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Windsor man accused of starving horse accepts plea deal

A Windsor man accused of starving a former race horse to death won't serve jail time under a plea bargain with prosecutors Friday that angered animal rights activists.

Mark Ross, 49, was charged with felony animal cruelty in the death of Skimtheexcess, a six-year-old thoroughbred that died on his family's Jensen Lane ranch in 2010.

Advocates said it was allowed to starve beside another horse that received regular feedings. An indentation of the gelding's rib cage was left behind when its emaciated body was pulled from the mud.

On the eve of trial, Ross accepted a prosecution offer that reduced his charge to a misdemeanor in exchange for a $500 donation to a horse rescue group and 200 hours of volunteer work. He also was ordered not to keep horses during his three-year informal probation.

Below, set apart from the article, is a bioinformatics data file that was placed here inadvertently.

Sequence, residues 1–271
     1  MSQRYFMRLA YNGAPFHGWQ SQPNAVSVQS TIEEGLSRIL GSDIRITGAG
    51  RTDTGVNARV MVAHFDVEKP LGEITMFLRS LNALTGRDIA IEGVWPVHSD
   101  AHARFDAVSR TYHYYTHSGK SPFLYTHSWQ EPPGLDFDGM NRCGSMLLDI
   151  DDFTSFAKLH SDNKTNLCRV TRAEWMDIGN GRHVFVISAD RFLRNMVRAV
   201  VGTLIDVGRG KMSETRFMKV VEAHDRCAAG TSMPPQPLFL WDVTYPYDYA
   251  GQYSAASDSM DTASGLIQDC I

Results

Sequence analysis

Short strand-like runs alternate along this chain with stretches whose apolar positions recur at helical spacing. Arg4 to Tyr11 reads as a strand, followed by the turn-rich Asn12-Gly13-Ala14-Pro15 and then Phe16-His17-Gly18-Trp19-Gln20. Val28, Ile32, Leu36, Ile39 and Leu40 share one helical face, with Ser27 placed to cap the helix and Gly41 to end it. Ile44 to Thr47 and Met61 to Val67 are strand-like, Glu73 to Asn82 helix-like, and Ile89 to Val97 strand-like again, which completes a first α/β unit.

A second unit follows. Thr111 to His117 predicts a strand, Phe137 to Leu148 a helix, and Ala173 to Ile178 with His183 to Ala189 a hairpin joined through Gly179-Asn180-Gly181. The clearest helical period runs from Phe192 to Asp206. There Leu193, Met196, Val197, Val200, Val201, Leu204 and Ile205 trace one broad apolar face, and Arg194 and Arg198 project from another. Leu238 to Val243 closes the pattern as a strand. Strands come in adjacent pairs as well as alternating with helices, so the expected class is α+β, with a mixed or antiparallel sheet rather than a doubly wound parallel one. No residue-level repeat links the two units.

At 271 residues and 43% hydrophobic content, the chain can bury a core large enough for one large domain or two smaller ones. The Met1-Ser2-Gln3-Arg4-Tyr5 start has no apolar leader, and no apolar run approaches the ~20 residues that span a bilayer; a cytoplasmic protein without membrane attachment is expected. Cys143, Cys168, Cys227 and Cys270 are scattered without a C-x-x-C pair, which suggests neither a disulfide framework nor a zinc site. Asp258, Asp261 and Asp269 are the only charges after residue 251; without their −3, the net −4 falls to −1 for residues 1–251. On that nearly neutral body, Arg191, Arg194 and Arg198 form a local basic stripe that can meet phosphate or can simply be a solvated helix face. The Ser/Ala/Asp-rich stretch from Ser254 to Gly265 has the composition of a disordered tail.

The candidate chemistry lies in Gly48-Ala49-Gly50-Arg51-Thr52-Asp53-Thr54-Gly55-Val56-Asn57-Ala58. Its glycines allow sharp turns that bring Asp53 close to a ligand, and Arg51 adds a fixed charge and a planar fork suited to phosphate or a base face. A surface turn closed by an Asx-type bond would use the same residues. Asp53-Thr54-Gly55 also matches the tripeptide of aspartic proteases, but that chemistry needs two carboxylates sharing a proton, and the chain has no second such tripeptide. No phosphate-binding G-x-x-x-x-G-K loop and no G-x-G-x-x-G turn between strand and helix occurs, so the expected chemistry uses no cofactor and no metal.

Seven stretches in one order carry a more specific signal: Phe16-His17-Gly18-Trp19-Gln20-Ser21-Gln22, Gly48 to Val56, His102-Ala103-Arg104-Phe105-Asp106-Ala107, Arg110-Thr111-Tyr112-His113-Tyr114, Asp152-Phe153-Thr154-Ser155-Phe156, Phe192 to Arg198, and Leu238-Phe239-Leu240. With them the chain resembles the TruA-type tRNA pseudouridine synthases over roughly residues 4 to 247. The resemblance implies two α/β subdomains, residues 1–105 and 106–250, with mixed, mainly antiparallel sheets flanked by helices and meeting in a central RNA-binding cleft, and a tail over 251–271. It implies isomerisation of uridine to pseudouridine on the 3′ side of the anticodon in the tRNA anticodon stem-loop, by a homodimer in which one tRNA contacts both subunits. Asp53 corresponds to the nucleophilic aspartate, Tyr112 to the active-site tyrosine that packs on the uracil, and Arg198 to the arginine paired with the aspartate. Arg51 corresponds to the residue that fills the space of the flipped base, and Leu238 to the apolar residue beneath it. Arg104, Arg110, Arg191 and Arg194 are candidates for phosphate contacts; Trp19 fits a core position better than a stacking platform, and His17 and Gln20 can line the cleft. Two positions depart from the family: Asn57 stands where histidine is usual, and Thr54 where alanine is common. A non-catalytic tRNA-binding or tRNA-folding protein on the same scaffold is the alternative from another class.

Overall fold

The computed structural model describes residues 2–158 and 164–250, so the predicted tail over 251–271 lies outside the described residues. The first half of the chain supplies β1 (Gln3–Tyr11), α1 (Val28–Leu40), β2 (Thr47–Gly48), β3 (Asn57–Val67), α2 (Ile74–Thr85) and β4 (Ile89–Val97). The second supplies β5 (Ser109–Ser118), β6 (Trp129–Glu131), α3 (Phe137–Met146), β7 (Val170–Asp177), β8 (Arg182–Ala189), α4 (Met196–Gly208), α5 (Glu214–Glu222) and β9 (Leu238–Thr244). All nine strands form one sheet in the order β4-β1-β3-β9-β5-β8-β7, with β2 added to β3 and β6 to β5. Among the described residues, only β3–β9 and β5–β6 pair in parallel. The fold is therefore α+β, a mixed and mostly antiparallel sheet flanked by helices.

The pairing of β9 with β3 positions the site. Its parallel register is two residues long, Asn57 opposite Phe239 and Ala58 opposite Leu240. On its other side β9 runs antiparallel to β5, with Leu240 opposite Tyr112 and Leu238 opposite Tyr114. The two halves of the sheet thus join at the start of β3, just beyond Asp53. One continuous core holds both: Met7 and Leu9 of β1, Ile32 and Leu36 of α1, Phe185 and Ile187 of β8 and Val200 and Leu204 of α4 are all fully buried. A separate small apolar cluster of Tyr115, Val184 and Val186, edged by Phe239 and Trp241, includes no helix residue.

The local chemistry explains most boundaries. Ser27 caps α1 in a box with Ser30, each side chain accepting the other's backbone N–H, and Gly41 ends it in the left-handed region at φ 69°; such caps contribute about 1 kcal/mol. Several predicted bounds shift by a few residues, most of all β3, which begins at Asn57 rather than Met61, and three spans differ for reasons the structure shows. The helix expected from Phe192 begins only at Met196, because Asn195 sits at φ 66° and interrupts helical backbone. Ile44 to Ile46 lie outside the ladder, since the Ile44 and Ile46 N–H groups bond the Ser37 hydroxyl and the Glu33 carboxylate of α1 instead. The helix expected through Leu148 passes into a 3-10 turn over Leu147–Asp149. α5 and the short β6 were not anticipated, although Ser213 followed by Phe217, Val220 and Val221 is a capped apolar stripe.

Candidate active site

Horse activists who attended his hearing criticized the punishment as a "wrist slap." They heckled Ross as he left the courthouse with taunts of "You got off cheap" and "We'll be watching you."

"What happened to that horse was an atrocity," said Petaluma activist Siobhan Duff.

Ross said he didn't intentionally kill the horse, which was owned by his niece. He switched its food to alfalfa on the advice of an expert and allowed it to graze in an open pasture.

When it collapsed one night, he said he was shocked.

"It was like losing a family member to us," Ross said after the hearing. We did try to help that horse. It's absurd to suggest we didn't."

His niece, Nicole Ross, 29, pleaded no contest last fall to felony animal cruelty and was ordered to serve 45 days in jail.


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